3.5 The Supply and Demand (Price Floors and Ceilings)
Think about how much gas you and your family use every week. If your family owns a car, ask your parents about how many gallons of gas is purchased every week. If you are a driver- how many gallons do you consume every week? Do you ride on a bus or other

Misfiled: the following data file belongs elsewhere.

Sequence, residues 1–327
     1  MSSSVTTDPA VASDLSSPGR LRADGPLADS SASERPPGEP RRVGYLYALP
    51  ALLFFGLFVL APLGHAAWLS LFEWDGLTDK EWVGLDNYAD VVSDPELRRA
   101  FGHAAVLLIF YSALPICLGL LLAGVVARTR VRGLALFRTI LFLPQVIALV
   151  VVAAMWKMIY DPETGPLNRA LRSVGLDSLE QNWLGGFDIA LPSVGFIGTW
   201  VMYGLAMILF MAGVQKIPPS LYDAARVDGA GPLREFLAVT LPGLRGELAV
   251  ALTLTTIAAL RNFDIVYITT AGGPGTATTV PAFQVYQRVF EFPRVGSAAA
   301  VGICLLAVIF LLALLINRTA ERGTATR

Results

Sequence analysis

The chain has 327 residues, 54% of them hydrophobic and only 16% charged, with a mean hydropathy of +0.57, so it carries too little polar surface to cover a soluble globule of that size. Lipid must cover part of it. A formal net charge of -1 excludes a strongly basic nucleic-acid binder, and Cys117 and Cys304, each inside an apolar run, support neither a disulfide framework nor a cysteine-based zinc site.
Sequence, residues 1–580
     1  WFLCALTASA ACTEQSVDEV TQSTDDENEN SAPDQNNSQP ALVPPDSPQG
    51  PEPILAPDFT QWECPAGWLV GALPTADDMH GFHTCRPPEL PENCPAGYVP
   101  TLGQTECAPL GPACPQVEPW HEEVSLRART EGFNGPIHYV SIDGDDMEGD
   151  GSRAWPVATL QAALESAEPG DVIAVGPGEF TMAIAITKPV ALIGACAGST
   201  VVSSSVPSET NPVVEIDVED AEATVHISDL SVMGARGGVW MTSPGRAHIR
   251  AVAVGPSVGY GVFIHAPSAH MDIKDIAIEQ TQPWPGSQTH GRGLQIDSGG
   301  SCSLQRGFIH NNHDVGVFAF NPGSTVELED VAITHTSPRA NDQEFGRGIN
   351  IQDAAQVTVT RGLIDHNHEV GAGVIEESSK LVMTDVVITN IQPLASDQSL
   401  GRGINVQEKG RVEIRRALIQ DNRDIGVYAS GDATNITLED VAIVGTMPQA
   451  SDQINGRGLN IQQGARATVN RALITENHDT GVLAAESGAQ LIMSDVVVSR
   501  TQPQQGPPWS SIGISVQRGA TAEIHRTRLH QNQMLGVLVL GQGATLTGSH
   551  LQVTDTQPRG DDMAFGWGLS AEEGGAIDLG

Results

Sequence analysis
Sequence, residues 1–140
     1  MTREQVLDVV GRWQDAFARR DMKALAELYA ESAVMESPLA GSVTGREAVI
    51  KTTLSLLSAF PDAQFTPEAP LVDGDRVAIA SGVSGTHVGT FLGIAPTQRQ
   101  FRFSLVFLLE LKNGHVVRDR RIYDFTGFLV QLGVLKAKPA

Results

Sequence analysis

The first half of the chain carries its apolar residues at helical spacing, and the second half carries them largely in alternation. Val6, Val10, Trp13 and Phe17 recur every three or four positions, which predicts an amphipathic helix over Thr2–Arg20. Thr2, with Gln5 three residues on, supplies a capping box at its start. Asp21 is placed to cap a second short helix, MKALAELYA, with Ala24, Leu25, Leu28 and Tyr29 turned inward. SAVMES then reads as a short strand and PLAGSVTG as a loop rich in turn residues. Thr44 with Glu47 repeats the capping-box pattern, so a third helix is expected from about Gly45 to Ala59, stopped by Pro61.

Prices send signals and provide incentives to buyers and sellers. When supply or demand changes, market prices adjust, affecting incentives. High prices induce extra production while they discourage consumption. In this exercise, we discover how the imposition of price controls (maximum or minimum prices) interrupts the process that matches production with consumption. Price Ceilings (maximum prices) sometimes appear in the form of rent control, utility prices and other caps on upward price pressures. Price floors (minimum prices) sometimes appear in the form prevailing wages and minimum wages. When government imposes price controls, citizens should understand that some people gain and some people lose from every policy change. By understanding the consequences of legal price regulations, citizens are able to weigh the costs and benefits of the change. As a general rule, price floors create a surplus of goods or services, or excess supply, since the quantity demanded of goods is less than the quantity supplied. Conversely, price ceilings generate excess quantity demanded, causing shortages Price Floors and ceilings can be plotted with supply and demand curves. Use the figure above to answer the questions. Submit your answers.1. What is the market price?$502. What quantity is demanded and what quantity is supplied at the market price? _quantity demanded at market price = 120_quantity supplied at market price = 1203. What quantity is demanded and what quantity is supplied if the government passes a law requiring the price to be no higher than $30? This is called a price ceiling. Quantity Demanded _160_ Quantity Supplied _62_4. Is there a shortage or a...
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